Ophelia (USA/UK, 2018)

June 29, 2019
A movie review by James Berardinelli
Ophelia Poster

The marketing for Ophelia needs only one sentence to describe the film’s mission statement: “A re-imagining of Hamlet, told from Ophelia's perspective.” Although an intriguing way to deconstruct and reassemble a story familiar to most people who have taken high school English, Ophelia doesn’t live up to its promise perhaps because the lead character, even after having been “expanded,” is still rather flat. There wasn’t much to Hamlet’s Ophelia and there’s not a lot more to this production’s version of her.

Ophelia tracks Hamlet closely, eliding most scenes in which Ophelia doesn’t appear. There are a few new “twists” that never made it into Shakespeare’s version of the story and the demeanors of certain characters have been tweaked. Claudius (Clive Owen), for example, is vicious and abusive. Gertrude (Naomi Watts) is vain and mercurial. Hamlet (George MacKay) is an even bigger wimp than in the classic play. And Ophelia (Daisy Ridley) is not as nuts as we’ve been led to believe. Hey nonny-nonny!

The movie’s story begins well before the Act I of the play. Gertrude, married at the time to King Hamlet, takes a young Ophelia under her wing. Although the girl is ridiculed at court by her “betters”, she catches the eye of the Prince and they are secretly wed. Eventually, the story moves into familiar territory. The old king dies, Gertrude marries his brother, and Hamlet starts down a path of vengeance. The screenplay, adapted by Semi Chellas from Lisa Klein’s novel, opts for colloquial dialogue that paraphrases (rather than replicates) Shakespeare’s. As a result, few of Hamlet’s famous phrases remain intact.

Although Ophelia offers a new perspective of Hamlet, it’s not compelling enough to represent a story that must be told. Part of that could be the result of directorial choices made by Claire McCarthy. Although Hamlet is one of the Bard’s most recognizable tragedies, it contains its share of comedic moments. Ophelia adopts a dour tone and the instances of wit are limited to word play (such as “alas” being interpreted as “a lass”). It’s hard to determine whether Daisy Ridley’s portrayal is a result of the material or a directorial mandate. Regardless of the cause, there’s little in this low-energy performance of the commanding presence Ridley has displayed as Rey in the Star Wars sequels.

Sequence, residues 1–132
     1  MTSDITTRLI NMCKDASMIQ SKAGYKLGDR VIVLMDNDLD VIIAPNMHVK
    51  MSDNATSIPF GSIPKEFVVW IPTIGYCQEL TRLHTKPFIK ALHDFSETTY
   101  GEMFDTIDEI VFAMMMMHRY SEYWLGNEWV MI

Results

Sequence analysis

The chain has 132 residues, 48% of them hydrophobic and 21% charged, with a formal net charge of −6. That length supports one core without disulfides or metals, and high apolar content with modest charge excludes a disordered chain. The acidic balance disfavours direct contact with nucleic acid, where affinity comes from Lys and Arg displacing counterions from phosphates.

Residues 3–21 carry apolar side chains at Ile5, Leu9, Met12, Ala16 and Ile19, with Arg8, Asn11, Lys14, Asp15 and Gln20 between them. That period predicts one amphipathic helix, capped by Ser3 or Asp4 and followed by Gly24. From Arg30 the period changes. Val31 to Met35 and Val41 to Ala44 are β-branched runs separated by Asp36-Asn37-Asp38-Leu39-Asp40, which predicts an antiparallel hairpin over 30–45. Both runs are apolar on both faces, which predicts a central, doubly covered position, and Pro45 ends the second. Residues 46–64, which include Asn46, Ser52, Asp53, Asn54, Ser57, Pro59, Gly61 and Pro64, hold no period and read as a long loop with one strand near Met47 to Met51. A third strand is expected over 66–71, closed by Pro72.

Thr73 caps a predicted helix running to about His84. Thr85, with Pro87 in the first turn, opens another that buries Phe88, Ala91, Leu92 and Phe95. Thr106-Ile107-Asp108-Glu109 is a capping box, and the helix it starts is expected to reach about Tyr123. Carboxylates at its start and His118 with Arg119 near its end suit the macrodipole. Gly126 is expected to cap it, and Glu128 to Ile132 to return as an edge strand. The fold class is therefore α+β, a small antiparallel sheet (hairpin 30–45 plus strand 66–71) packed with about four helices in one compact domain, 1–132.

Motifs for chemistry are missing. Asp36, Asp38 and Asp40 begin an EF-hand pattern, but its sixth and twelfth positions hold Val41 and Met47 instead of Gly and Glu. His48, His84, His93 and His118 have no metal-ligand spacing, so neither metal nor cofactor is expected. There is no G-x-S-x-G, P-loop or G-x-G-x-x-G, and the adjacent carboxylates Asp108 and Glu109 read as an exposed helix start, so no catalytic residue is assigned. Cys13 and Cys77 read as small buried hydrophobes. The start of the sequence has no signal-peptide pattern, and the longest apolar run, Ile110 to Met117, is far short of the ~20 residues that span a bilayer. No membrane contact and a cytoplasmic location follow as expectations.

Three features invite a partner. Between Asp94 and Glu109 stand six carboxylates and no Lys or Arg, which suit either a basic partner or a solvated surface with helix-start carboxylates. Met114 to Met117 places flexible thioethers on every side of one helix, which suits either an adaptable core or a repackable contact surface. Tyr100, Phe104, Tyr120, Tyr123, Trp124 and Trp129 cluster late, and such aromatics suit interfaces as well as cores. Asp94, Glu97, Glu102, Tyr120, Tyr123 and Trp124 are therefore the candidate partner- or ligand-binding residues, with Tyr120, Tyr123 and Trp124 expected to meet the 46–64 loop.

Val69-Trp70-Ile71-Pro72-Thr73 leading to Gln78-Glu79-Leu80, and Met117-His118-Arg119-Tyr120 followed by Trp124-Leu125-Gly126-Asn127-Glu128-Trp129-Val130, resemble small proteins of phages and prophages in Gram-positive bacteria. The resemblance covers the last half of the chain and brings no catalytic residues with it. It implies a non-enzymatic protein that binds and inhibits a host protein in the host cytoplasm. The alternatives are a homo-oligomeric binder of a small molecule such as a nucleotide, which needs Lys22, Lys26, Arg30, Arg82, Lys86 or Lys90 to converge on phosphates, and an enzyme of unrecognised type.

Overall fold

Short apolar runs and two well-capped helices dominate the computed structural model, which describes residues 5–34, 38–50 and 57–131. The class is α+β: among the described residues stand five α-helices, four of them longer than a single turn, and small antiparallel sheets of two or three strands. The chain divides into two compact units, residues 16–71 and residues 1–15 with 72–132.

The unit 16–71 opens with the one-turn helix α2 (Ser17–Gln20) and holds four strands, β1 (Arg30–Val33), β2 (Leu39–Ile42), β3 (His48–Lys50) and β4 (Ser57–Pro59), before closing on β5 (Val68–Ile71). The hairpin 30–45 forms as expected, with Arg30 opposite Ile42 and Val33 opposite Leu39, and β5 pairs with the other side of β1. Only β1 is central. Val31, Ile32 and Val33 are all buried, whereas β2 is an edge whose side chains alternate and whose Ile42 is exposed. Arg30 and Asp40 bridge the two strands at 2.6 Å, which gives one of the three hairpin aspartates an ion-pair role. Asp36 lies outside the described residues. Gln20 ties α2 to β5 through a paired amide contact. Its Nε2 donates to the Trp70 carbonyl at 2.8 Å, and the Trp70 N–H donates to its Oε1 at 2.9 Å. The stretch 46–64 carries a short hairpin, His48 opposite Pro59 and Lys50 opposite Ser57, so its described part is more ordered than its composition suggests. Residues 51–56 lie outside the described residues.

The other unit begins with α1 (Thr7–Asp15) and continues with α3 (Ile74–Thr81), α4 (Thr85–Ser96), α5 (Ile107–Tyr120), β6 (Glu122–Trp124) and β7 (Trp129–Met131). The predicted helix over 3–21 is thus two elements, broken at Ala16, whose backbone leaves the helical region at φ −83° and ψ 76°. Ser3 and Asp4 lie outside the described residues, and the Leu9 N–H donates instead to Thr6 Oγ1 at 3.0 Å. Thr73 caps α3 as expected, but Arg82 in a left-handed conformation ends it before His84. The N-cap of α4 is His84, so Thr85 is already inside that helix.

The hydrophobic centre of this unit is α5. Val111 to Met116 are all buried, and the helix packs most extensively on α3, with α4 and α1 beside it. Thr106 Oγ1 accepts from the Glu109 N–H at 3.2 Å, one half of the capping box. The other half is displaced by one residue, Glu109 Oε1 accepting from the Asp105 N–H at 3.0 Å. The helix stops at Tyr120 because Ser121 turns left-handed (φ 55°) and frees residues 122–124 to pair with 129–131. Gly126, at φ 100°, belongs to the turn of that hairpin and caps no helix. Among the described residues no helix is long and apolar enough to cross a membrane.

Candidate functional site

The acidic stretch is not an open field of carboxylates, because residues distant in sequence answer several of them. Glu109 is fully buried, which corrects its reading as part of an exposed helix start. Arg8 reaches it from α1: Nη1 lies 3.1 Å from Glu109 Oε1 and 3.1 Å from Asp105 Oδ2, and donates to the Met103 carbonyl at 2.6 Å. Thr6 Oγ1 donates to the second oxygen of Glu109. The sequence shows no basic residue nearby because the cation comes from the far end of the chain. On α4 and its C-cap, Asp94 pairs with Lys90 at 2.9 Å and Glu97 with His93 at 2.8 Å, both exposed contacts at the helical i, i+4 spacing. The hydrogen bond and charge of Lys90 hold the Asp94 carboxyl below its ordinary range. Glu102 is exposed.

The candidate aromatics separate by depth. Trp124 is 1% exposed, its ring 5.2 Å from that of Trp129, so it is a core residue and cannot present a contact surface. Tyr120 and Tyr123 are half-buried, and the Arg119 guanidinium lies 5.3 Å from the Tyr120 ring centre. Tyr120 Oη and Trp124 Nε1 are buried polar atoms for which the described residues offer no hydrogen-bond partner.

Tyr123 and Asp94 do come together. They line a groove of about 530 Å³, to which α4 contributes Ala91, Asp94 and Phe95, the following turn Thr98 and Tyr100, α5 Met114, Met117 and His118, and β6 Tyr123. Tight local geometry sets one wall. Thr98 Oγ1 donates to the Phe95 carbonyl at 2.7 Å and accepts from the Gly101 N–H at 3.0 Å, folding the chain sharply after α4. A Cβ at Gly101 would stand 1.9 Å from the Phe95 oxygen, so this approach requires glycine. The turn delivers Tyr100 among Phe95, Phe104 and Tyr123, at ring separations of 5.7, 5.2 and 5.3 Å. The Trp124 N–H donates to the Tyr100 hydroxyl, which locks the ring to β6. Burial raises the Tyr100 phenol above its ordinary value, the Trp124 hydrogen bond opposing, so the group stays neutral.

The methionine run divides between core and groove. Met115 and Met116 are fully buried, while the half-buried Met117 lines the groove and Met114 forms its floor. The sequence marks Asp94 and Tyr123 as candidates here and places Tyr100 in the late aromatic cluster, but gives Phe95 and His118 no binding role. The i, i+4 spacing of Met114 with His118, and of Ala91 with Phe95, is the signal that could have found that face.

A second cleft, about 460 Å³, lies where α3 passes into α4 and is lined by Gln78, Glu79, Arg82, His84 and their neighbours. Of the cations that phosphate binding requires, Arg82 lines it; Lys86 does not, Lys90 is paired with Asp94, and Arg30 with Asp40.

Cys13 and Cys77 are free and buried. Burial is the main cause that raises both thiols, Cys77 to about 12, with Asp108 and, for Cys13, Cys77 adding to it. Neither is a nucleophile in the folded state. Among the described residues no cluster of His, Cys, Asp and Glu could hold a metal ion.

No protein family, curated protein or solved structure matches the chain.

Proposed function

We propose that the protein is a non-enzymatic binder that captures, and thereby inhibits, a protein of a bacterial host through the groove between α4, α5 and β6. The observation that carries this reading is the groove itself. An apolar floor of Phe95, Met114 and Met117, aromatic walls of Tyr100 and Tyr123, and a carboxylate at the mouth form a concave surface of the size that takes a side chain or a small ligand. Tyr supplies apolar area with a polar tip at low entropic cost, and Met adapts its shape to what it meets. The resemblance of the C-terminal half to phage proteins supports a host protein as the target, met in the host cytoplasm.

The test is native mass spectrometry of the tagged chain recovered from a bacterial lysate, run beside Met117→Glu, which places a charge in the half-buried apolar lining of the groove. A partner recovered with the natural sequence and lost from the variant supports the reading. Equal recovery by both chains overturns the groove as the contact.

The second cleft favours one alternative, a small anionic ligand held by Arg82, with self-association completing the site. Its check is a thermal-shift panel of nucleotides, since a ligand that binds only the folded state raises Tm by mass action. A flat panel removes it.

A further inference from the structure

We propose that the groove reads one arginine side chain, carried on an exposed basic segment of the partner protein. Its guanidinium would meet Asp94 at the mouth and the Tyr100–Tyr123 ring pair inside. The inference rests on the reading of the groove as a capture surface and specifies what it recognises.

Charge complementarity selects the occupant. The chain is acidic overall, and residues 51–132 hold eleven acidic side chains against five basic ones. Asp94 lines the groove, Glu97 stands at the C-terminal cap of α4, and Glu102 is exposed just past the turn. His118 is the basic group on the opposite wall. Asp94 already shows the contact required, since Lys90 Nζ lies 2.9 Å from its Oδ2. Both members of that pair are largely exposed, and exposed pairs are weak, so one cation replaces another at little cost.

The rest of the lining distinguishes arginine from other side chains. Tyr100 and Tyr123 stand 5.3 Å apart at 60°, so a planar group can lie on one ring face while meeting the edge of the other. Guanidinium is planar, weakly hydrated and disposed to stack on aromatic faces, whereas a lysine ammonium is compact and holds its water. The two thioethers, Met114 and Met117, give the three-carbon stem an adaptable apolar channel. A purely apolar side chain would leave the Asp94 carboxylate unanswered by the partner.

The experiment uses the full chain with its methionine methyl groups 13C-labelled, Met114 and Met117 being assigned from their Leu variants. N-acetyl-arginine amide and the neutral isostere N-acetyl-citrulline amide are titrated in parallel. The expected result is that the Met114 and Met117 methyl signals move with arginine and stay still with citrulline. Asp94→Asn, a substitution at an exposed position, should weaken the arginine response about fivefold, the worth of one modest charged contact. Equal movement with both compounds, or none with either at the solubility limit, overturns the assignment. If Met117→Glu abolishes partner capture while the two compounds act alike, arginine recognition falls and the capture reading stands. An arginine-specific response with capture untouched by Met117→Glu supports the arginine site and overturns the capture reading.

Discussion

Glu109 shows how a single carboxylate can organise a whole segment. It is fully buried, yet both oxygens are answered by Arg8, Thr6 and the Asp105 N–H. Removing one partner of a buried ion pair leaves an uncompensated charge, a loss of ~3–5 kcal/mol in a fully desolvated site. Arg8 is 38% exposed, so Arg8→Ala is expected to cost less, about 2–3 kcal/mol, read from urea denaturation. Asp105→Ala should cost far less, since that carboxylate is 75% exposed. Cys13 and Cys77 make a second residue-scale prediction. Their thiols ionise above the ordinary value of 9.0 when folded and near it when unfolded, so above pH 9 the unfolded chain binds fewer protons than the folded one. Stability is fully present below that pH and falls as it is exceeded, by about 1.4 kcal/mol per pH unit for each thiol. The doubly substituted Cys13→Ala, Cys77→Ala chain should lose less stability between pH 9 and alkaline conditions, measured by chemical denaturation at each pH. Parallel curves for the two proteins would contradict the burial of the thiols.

Over the years, Hamlet has proven to be Shakespeare’s most versatile play. With each successive director bringing something different to his or her adaptation, Hamlet has proven to be infinitely pliable, open to a plethora of interpretations and iterations. In many ways, Ophelia is less audacious than some of the celebrated “straight” versions of the story (such as Kenneth Branagh’s opulent, star-studded, four-hour version). Although the film isn’t exactly drab, it suffers from a weak protagonist and a narrative that leans too heavily on the original text without finding enough new material to give it a life of its own. If Ophelia accomplishes one thing, it’s to illustrate that Shakespeare chose the right person as the main character of this drama.






Ophelia (USA/UK, 2018)

Run Time: 1:54
U.S. Release Date: 2019-06-29
MPAA Rating: "PG-13" (Violence, Sexual Content)
Genre: Drama
Subtitles: none
Theatrical Aspect Ratio: 2.35:1

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